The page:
Geoff Nichols Vikings Mock Draft 3.0

A week since mock draft 2.0 its time to get back at it now that the draft is only 3 weeks away. Although nothing material has changed in the past week, the Vikings hosted their annual top 30 visit this past Tuesday. With a few names hitting the airwaves one would assume that the team is starting to stack its board in anticipation of the draft. As we approach the draft we get a better idea on where runs will setup and how each team may approach their needs.

2 (48) – Although it will likely be a buyers market, trading down makes a lot of sense without a first round selection. Houston may move up in the 2nd for a QB and get ahead of a potential run. In this mock the Vikings trade 2 (48) along with 4(128) for 2 (57) and 3 (89).

2 (57) *Via HOU – Dorian Johnson (OG Pittsburgh): With a weak tackle class the Vikings took the proactive approach of finding a pair of bookends in free agency. With their money spent on tackles the team is currently left with Jeremiah Sirles plugged in at RG with limited depth behind him. This isn’t necessarily terrible, but a long-term solutions is needed. During the collegiate season the Vikings spent plenty of time scouting Pittsburgh. Dorian Johnson is the blue chip prospect entering the draft from their program this year. Johnson lacks the elite athleticism you look for in 1st/early 2nd round guards, but he has the pure power to win at the point of attack in pass protection. In the run game he succeeds once he gets moving downhill but will need to refine the angles he takes to blocks in the open field. An underrated aspect of Johnson’s game is his familiarity in a pro style offense. This should make him a plug and play starter in year one at either OG position.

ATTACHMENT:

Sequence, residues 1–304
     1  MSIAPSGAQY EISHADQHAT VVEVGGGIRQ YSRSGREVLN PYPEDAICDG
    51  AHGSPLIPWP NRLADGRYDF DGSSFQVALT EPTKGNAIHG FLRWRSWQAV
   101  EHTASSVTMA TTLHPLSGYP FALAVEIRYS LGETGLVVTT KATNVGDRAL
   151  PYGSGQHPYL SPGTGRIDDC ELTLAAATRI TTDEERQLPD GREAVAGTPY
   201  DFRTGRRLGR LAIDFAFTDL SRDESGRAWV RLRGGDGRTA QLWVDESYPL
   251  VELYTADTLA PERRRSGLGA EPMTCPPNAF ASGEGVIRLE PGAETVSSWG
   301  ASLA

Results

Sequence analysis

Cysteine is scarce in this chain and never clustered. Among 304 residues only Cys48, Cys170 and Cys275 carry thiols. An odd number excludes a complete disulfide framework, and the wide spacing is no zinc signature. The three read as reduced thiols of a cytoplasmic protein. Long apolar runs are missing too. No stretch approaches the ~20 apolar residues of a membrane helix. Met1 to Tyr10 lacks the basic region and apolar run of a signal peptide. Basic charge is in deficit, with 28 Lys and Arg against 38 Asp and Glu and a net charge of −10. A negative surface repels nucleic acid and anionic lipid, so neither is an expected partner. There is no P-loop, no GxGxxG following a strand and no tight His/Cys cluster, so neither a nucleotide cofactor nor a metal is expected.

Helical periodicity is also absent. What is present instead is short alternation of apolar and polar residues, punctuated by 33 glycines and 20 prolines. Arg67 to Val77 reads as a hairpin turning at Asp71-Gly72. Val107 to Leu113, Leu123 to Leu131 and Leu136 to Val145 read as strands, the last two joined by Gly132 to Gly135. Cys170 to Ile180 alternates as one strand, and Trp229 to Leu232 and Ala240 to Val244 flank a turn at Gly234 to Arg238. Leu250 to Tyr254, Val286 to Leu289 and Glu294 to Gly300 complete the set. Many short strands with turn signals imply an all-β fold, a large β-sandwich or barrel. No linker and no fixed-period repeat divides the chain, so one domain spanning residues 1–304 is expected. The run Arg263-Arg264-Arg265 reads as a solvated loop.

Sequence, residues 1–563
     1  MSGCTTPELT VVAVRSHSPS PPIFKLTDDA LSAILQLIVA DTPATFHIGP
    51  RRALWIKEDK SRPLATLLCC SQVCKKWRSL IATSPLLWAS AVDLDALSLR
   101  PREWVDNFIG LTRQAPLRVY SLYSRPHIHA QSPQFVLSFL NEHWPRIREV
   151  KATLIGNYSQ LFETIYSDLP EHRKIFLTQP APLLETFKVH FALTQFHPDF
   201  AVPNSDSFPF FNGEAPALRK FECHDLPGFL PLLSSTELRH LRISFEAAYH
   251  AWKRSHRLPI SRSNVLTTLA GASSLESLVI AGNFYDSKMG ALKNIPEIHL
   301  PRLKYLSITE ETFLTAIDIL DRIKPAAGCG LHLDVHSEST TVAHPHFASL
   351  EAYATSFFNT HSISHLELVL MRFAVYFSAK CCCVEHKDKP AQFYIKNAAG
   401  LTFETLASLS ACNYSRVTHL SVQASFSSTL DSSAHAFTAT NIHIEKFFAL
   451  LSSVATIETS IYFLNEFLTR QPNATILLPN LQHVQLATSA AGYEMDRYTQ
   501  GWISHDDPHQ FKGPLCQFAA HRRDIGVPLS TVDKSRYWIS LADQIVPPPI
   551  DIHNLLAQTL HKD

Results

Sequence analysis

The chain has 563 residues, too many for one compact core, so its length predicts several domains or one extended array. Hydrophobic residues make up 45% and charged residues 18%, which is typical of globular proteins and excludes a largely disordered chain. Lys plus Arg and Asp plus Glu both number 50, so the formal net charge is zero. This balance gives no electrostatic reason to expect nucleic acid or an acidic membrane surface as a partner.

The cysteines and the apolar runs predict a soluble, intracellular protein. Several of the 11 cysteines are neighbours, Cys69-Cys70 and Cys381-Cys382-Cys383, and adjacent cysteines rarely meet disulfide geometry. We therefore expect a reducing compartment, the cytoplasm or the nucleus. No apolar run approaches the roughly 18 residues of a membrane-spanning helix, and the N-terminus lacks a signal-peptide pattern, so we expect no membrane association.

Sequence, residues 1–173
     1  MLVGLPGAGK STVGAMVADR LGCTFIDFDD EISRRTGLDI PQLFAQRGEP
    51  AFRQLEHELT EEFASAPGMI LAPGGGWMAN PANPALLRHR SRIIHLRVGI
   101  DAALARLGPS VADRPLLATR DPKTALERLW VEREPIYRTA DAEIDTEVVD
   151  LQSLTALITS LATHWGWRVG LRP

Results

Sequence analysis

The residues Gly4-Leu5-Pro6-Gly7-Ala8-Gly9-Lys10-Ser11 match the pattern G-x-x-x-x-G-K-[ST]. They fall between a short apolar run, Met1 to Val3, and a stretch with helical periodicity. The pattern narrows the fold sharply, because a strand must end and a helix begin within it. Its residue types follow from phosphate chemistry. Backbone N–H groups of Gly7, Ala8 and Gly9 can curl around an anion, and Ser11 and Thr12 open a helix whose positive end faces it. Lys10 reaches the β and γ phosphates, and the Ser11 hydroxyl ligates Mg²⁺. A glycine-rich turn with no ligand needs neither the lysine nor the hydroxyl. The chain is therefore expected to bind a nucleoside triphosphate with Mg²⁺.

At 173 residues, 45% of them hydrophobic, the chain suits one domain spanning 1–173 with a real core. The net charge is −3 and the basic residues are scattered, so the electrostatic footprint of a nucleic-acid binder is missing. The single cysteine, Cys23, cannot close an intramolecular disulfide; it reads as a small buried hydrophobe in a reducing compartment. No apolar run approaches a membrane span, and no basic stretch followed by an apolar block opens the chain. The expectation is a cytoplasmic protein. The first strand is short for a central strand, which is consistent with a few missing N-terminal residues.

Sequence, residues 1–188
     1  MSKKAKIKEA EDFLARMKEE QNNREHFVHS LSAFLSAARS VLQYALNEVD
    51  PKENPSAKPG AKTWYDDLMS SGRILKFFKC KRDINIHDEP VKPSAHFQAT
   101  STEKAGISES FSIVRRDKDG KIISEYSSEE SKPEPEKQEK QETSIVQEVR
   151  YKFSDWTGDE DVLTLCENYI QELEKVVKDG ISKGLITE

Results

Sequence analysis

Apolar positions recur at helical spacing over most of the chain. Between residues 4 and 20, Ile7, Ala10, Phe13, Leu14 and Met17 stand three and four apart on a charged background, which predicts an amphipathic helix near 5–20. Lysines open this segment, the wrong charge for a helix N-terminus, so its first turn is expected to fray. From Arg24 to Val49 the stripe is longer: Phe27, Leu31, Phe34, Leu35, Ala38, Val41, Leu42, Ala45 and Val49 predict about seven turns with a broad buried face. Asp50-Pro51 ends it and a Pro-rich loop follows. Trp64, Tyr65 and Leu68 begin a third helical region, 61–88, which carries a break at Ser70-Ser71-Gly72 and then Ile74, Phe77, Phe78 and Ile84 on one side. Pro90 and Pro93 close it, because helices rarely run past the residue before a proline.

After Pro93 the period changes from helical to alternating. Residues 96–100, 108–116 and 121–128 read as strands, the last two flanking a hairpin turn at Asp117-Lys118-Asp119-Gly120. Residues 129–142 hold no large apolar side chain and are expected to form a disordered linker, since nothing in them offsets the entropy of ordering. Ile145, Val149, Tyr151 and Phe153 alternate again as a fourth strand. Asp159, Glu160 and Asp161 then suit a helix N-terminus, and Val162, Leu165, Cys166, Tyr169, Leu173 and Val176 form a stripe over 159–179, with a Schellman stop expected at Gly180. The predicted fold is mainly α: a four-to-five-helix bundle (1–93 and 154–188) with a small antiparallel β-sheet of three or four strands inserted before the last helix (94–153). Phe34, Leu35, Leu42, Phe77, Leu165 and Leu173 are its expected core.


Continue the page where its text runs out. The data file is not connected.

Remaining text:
3 (79) – Tanoh Kpassagnon (DE Villanova): The Vikings have made it a habit of selecting freak athletes to develop on the defensive side of the ball and Kpassagnon fits the bill. Defensive end is not an immediate need but could simplify Datone Jones’ role and prepare for life after Brian Robison/Everson Griffen (potentially). Being able to keep Jones on the inside at 3-tech in a rotations with Stephen fills the need indirectly. Tanoh is not a refined pass rusher but has the size, length, speed combination teams covet at the position. Similar to Danielle Hunter as he learns to setup pass rushing moves his pure athletic traits won’t limit what he is capable of doing on the football field. Pass rushers are arguably the most valuable NFL asset aside from QB’s and being able to develop talent from the 2-4th rounds will serve the team well moving forward.

3 (86) *Via MIA – ArDarius Stewart (WR Alabama): The losses of Cordarrelle Patterson and Charles Johnson this off-season has made outside receiver depth a critical need entering the draft. Internally there is hope that Fruechte will be able to take some snaps next season, but more speed is needed within the WR group. Stewart has the long speed to take the top off the defense and is elusive in the open field. Alabama is a run first offense which limited Stewart’s effectiveness in college. Coming into the NFL he will need to become a more refined route runner and cut out the random drops that plagued him at times. Overall he should be able to take snaps immediately at split-end/flanker and compete for kick retuning duties.